The conservation genetics program at the Missouri Botanical Garden, part of the Garden's Center for Conservation and Sustainable Development, uses genetic approaches to understand the evolutionary and ecological causes and consequences of rarity in endangered plant species. Research conducted by the program combines the fields of plant systematics, phylogeography, population genetics, ecological/quantitative genetics, and genomics to understand evolutionary and ecological dynamics of rare plant species.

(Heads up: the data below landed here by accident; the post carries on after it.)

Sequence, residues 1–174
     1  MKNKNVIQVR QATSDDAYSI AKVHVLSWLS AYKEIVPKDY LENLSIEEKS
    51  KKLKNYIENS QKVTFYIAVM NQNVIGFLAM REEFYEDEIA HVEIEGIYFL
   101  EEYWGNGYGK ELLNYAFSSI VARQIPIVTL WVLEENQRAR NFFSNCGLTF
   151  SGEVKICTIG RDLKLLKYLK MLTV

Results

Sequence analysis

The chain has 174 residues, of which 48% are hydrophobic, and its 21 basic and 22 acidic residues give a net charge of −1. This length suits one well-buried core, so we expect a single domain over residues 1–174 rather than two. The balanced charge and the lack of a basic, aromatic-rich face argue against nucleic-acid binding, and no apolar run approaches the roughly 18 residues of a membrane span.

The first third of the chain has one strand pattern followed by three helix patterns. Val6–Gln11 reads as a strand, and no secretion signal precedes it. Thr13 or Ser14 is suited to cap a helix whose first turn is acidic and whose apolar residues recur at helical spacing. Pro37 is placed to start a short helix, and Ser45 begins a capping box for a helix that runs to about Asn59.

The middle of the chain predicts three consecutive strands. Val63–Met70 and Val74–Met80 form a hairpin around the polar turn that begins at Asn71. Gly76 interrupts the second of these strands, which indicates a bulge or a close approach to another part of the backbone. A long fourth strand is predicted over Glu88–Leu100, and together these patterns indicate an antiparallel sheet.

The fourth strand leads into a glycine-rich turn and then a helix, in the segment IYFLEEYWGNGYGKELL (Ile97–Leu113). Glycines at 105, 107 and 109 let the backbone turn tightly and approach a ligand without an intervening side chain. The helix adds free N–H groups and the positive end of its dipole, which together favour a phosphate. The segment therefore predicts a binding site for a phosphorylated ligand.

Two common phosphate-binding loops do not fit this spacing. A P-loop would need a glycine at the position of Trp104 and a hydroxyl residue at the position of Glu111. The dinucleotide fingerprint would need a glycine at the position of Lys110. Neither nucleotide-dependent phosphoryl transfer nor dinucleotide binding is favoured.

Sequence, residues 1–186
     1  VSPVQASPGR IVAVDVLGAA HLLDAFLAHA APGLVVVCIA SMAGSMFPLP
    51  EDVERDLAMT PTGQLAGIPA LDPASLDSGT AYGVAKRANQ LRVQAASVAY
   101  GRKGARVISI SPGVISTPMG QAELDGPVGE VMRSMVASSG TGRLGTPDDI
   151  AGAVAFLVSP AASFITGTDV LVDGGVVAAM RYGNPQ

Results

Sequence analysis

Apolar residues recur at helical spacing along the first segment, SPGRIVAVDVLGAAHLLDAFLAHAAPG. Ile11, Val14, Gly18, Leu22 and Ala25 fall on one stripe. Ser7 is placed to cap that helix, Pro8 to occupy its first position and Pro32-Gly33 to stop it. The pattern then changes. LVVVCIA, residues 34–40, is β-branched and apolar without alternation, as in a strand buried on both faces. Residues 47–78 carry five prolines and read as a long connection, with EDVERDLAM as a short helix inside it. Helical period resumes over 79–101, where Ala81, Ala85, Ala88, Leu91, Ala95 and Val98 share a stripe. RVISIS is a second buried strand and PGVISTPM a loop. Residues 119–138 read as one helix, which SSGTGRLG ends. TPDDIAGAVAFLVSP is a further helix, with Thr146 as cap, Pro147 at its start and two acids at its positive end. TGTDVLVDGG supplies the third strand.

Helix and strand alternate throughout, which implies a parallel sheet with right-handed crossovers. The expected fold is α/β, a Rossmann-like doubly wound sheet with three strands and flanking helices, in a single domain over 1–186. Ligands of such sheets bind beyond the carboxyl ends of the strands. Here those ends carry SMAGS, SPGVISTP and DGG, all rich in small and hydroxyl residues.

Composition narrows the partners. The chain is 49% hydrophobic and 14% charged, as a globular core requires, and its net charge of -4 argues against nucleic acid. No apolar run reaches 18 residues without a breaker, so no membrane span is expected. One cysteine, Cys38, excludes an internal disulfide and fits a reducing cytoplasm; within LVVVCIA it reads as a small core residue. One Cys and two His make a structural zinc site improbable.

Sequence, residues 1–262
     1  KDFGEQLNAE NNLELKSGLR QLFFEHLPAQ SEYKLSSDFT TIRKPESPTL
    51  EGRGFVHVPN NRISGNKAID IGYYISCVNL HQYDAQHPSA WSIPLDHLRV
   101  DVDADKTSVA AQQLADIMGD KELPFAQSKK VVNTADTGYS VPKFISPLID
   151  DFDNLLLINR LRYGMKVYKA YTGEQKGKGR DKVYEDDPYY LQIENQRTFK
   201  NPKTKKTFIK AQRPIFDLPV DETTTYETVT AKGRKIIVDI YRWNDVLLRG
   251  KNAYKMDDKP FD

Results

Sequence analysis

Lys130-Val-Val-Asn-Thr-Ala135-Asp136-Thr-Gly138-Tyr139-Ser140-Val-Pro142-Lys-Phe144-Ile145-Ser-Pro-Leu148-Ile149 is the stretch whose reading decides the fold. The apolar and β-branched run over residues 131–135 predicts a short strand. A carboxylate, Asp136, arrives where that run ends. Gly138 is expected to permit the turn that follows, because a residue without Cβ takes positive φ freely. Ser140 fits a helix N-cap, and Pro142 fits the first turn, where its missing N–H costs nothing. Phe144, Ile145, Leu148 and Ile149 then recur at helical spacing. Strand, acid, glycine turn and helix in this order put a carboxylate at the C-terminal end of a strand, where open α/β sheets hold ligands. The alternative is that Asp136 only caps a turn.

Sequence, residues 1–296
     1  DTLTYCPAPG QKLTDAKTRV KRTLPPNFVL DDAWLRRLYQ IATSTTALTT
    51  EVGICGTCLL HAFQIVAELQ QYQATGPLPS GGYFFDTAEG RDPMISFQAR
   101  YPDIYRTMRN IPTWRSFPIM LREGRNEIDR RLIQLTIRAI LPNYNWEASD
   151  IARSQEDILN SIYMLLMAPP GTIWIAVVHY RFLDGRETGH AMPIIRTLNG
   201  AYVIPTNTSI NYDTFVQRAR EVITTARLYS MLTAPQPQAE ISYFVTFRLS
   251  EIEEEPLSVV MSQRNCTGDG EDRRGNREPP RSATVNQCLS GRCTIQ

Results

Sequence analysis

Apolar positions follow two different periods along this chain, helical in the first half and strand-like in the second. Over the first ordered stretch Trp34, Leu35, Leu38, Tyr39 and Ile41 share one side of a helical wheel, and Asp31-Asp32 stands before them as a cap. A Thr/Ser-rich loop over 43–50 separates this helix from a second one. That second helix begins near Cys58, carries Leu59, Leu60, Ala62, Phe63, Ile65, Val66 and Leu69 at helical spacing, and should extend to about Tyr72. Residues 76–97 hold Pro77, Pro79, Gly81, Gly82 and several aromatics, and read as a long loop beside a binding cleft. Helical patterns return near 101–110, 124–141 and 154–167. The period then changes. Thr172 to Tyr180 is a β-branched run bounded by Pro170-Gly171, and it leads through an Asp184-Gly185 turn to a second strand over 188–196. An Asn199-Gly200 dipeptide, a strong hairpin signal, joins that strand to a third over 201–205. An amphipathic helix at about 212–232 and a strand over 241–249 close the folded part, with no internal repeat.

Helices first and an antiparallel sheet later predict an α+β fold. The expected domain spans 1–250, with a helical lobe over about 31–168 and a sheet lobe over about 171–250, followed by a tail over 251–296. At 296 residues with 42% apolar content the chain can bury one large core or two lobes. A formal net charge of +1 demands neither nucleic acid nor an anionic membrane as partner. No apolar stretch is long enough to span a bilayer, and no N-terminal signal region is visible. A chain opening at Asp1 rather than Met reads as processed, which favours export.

The program is housed in the Garden’s new Plant Conservation Genetics Laboratory, a 1,000-square-foot facility that is equipped to carry out DNA and RNA extraction; gel electrophoresis and imaging; polymerase chain reaction (PCR); sample preparation for genotyping, conventional DNA sequencing, next-generation DNA sequencing and RNA-seq; cloning; bioinformatics of genetic data; and data analysis. The lab’s primary research focus is plant conservation genetics, but the facility and research staff have the ability to support projects on plant systematics, phylogeography, quantitative and ecological genetics, genomics, plant-animal interactions, and gene expression.